Monday February 18, 2019
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Fate of Indian equity market in the hands of upcoming Budget Session

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Mumbai: The upcoming week in the Indian equity market will witness Parliamentary proceedings, US macro-economic data and trends in crude oil prices, leading the fate of markets’ next moves.

Even the budgetary announcements, rupee’s trajectory and the interest of foreign investors will give vital cues to where the market is heading.

“Markets would continue to be lacklustre and news driven. Forthcoming budget expectations and corporate earnings would be watched closely,” predicted Devendra Nevgi, chief executive of ZyFin Advisors.

Pankaj Sharma, head of equities for Equirus Securities, elaborated that investors will be guided and influenced by developments surrounding the union budget.

“The market would read the important cues on the budget from key decision makers, both politicians and senior bureaucrats and react accordingly,” Sharma noted.

“One good thing in all this market mayhem over last 6-7 weeks which has been led by global factors is that the usual buzz on the budget has largely been missing.”

Vaibhav Agarwal, vice president and research head at Angel Broking, pointed out that investors have not priced in the possibility of key reforms being passed in the parliament session.

“Any progress towards implementation of important reforms such as the GST (goods and services tax) would be a key trigger for the markets,” Agarwal told reporters.

Market participants expect the central government to increase expenditure, announce tax concessions and pave the way to reduce the NPAs levels of the banking sector.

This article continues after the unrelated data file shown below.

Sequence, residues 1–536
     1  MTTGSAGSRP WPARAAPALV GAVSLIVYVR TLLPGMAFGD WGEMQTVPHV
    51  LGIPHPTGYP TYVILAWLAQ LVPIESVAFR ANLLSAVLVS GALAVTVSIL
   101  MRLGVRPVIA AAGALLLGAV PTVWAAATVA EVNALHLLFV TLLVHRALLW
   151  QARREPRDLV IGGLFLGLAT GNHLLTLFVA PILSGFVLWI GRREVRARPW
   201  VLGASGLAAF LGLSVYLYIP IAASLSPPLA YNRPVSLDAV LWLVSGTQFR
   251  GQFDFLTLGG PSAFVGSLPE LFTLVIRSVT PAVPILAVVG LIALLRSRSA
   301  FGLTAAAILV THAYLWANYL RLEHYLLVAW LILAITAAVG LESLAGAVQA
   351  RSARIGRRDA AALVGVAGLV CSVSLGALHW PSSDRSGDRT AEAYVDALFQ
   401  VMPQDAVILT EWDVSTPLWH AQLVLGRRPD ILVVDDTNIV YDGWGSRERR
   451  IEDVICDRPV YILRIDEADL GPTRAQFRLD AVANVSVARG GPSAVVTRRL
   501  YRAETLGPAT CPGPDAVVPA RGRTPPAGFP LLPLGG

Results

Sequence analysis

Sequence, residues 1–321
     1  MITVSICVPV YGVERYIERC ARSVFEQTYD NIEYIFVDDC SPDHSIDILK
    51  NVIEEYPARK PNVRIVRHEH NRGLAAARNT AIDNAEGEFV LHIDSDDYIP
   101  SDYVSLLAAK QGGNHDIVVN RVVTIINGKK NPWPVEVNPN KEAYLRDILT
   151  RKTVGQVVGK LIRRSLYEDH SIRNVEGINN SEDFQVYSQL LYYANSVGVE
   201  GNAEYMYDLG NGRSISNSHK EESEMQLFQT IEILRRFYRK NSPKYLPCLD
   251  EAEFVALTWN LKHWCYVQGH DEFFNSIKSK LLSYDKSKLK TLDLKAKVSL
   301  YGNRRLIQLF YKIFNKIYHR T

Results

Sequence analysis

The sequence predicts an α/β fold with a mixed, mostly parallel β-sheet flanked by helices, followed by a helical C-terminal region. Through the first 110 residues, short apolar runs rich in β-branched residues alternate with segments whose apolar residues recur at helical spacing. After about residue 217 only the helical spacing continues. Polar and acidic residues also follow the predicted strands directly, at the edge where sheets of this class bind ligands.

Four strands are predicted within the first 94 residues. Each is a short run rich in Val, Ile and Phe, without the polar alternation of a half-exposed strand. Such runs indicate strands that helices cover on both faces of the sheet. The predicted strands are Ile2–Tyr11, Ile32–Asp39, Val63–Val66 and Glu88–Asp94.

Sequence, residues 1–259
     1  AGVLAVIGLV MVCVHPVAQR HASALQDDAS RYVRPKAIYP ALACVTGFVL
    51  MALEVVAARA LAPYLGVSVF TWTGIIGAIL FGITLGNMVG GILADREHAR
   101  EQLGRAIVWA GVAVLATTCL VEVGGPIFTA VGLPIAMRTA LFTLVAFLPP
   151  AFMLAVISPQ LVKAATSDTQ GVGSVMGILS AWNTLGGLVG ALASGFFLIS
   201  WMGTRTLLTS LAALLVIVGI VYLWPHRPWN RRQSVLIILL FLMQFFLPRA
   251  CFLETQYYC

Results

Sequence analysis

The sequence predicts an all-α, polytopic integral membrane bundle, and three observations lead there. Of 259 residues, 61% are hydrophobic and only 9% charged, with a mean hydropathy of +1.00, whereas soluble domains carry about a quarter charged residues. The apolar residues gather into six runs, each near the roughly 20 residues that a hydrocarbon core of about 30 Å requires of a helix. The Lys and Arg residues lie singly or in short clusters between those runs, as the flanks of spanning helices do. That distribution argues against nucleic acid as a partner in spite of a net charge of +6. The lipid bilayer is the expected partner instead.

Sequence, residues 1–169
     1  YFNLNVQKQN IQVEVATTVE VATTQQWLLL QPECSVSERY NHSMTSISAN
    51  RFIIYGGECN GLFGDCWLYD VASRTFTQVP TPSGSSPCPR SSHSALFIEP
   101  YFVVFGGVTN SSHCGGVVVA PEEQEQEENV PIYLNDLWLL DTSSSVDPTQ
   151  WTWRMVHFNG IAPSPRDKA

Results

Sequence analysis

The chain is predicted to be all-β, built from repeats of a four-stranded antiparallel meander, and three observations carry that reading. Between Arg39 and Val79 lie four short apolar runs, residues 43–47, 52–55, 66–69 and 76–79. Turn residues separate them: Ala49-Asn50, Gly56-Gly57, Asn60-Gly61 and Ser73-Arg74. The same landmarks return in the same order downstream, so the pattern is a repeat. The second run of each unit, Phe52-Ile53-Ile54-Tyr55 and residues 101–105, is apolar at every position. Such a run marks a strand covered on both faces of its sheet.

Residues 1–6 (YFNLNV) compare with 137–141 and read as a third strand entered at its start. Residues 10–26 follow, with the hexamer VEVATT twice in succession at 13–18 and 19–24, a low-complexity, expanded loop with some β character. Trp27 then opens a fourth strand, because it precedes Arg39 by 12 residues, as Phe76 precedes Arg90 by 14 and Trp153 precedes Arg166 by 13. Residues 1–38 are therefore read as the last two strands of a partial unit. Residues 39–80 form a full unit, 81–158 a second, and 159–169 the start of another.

“Sentiments are currently down and any positive announcement is surely going to trigger a relief rally in the equity markets. This rally might spill over to the currency markets,” Anindya Banerjee, associate vice president for currency derivatives with Kotak Securities, told reporters.

According to Banerjee, normal parliamentary proceedings, after the recent political turmoil will be keenly followed by market participants. The parliament’s budget session will commence on Tuesday.

“Any signs of a washout in the initial few days will dampen sentiments and dent the rupee,” Banerjee stated.

He explained that an “over-valued rupee” will come under pressure from February 22 onwards as a string of US economic data released till date is expected to keep the dollar well supported.

The rupee had crashed to an all time low at 68.89 to the dollar in the oversees currency markets on Friday and ended the day’s trade at 68.72.

Domestically, the rupee had closed unchanged from its previous close of 68.47 to a greenback on Thursday. The domestic currency markets were closed on Friday.

Besides, the union budget economic survey and railway budget will dictate trend on the bellwether indices informed Gaurav Jain, the director of Hem Securities.

“Indices may seem to remain volatile with a positive bias ahead of the expiry of February series derivative contract, economic survey and reform measures announced in the upcoming railway budget in the week ahead,” Jain said.

In addition, global cues, such as crude oil prices and the trends in foreign funds inflows will be keenly observed.

“Markets will continue to react to global cues with US home sales and GDP data expected next week,” Agarwal added.

Analysts forecast the continuation of the relief rally at the Indian bellwether indices. Short-covering, value buying and positive global cues had swelled the equity markets, during the just-concluded weekly trade.

The barometer 30-scrip sensitive index (S&P Sensex) of the Bombay Stock Exchange (BSE) zoomed by 723.03 points or 3.14 percent to 23,709.15 points during the just concluded week.